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Power

— Sports

The physics of the world's fastest man

By - July 25, 2013 3 Pictures
Usain Bolt is often described as the world's fastest man. The reigning Olympic champion in the 100-meter and 200-meter sprints as well as a member of the Olympic champion 4x100 meter relay team, Bolt is the first man to win six Olympic gold medals in sprinting, and is a five-time world champion. Long and lanky at 6 ft 5 in tall, he towers above the (mostly) much shorter sprinters. How has he managed to come out on top for the past five years? A team of physicists from the Universidad Nacional Autonoma de Mexico (UNAM) has analyzed Bolt's past performances in the 100-meter sprint to understand what makes a record-breaker. Read More
— Science

Streaming media: New fuel cell powers a mobile phone with pee

By - July 18, 2013 4 Pictures
If asked what would be a great power source for mobile phones, it’s a fair bet that most people wouldn't make urine their first choice. But that's exactly what a group of scientists at Bristol Robotics Laboratory in the UK have done. As part of a project to find new ways to provide electricity for small devices in emergency situations and developing countries they have created a new fuel cell system powered by pee. Read More
— Environment

Delft explores kite power for rural Africa

By - July 11, 2013 10 Pictures
The University of Delft has a program devoted to kite-based generation systems, with 20 years of research and development under their belt since Wubbo Ockels, the first Dutch astronaut established it. Now, members of the team are exploring practical niches where the compromises of kite-based power might pay off. One has just completed a trip through Kenya, Tanzania and Senegal discussing opportunities for rural African kite generation with governmental agencies, universities and companies in the renewables space. Read More
— Environment

Invelox wind turbine claims 600% advantage in energy output

By - May 10, 2013 2 Pictures
SheerWind, a wind power company from Minnesota, USA, has announced the results of tests it has carried out with its new Invelox wind power generation technology. The company says that during tests its turbine could generate six times more energy than the amount produced by traditional turbines mounted on towers. Besides, the costs of producing wind energy with Invelox are lower, delivering electricity with prices that can compete with natural gas and hydropower. Read More
— Science

New microbatteries combine the advantages of lithium-ion batteries and supercapacitors

By - May 8, 2013 5 Pictures
There can be little doubt that people love their mobile devices. But, by leaving them high and dry at the most inconvenient of times, this love generally doesn't extend to the batteries that power said devices. New microbatteries developed by researchers at the University of Illinois at Urbana-Champaign (UIUC) that measure just a few millimeters in size, yet are powerful enough to power a mobile phone may be more likely to inspire a little love. Read More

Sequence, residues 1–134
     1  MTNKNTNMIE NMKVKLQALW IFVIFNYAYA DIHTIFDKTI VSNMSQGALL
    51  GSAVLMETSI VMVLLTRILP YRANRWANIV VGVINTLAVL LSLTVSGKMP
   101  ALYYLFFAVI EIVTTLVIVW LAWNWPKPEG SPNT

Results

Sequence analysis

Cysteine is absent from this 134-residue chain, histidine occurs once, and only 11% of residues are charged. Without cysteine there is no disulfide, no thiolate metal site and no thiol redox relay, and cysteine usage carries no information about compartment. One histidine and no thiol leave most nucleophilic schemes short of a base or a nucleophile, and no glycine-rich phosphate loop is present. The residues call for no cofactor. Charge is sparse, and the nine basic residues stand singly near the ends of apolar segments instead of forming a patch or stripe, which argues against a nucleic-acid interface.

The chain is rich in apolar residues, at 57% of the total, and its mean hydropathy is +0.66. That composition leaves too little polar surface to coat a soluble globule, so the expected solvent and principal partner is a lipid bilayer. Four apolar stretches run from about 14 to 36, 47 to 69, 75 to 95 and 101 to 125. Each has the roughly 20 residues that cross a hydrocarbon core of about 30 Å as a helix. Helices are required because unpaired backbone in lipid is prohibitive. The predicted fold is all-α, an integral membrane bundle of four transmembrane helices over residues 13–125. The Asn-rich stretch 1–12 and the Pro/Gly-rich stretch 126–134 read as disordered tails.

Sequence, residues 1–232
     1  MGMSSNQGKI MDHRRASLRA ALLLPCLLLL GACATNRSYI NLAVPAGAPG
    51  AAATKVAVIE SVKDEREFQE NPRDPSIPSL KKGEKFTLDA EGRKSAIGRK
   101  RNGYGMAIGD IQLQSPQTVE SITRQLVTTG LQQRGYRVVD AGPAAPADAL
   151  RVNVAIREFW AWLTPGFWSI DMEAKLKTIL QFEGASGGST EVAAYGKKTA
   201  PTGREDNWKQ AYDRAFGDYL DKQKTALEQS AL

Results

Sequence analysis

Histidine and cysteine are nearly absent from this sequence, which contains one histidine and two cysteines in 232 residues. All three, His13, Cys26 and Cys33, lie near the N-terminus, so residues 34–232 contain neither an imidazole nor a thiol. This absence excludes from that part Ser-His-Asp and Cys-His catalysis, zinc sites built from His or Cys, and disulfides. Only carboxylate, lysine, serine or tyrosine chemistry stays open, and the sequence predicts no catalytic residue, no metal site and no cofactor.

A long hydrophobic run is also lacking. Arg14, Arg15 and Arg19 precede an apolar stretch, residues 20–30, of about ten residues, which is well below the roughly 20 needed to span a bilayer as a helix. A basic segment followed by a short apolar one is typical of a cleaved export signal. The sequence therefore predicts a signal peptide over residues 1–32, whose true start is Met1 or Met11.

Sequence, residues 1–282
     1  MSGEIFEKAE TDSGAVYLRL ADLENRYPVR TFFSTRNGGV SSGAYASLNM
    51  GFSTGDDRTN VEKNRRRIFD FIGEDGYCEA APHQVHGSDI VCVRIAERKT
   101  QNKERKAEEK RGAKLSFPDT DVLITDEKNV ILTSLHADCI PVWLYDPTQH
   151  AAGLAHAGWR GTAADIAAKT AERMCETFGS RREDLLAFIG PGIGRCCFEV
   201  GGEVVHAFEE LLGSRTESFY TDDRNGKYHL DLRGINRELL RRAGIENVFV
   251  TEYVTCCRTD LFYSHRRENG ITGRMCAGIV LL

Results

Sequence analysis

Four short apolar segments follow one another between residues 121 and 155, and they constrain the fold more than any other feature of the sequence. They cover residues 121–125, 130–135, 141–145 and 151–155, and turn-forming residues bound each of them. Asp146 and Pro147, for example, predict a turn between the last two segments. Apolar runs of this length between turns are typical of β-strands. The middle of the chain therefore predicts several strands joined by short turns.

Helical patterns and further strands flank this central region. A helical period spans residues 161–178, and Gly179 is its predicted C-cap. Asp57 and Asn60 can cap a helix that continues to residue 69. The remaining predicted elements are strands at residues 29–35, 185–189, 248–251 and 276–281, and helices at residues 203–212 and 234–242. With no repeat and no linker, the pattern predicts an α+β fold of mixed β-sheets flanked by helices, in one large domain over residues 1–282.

— Good Thinking

New system could put dead seaweed to use as a source of power

By - May 6, 2013 2 Pictures
When it’s alive and in the ocean, seaweed serves as a habitat, spawning ground and food source for marine life. Once it gets washed ashore, however, it pretty much just rots. Typically, along beaches in tourist areas, that dead seaweed is simply gathered and taken to a landfill. Now, however, researchers from Spain’s University of Alicante have conceived of a new seaweed-removal system that has less environmental impact, and that allows the seaweed to be used as an energy source. Read More

Powerocks introduces Tarot – an ultra-thin 1500 mAh battery back-up

Keeping mobile phones charged is rapidly becoming just as profitable as making the smartphones themselves. As such, we're seeing all kinds of power banks hitting the market. We saw the Fuel charger hit Kickstarter earlier this month, which claimed to be the world's smallest battery back-up, and now a company called Powerocks is entering the fray with Tarot, which it claims is "the world's thinnest power bank." Read More
— Architecture

"Algae-powered" building opens in Germany

By - April 17, 2013 7 Pictures
Splitterwerk Architects and engineering firm Arup have unveiled what is thought to be the world's first building to be powered partly by algae. Officially "unveiled" at the International Building Exhibition hosted in Hamburg, the design, dubbed the BIQ, has a "bio-adaptive" facade that is claimed to be a first for using algae within its glass louvers in order to generate energy, and provide shade, to a working building. Read More
— Mobile Technology

SOSCharger keeps phones juiced even when there's no electricity

By - April 5, 2013 4 Pictures
When there's a natural disaster or bad storm, power outages are almost guaranteed. This can be an annoyance during a minor storm, but during a more serious disaster, a lack of power can mean not being able to get in touch with friends, loved ones, and in the worst of situations, help. The SOSCharger is designed to combat this by allowing users to keep their phone charged with a simple hand crank. Read More
— Electronics

Researchers increase lifespan of lithium-sulfur batteries

By - April 4, 2013 1 Picture
Technology has advanced markedly since the dawn of the silicon age, but our portable gadgets and gizmos are still largely held back by the limitations of their power source. Scientists at the Fraunhofer Institute for Material and Beam Technology IWS in Dresden report progress in this regard, with the development of a new longer-lasting lithium-sulfur battery that has the potential to outperform lithium-ion batteries, at a lower cost. Read More
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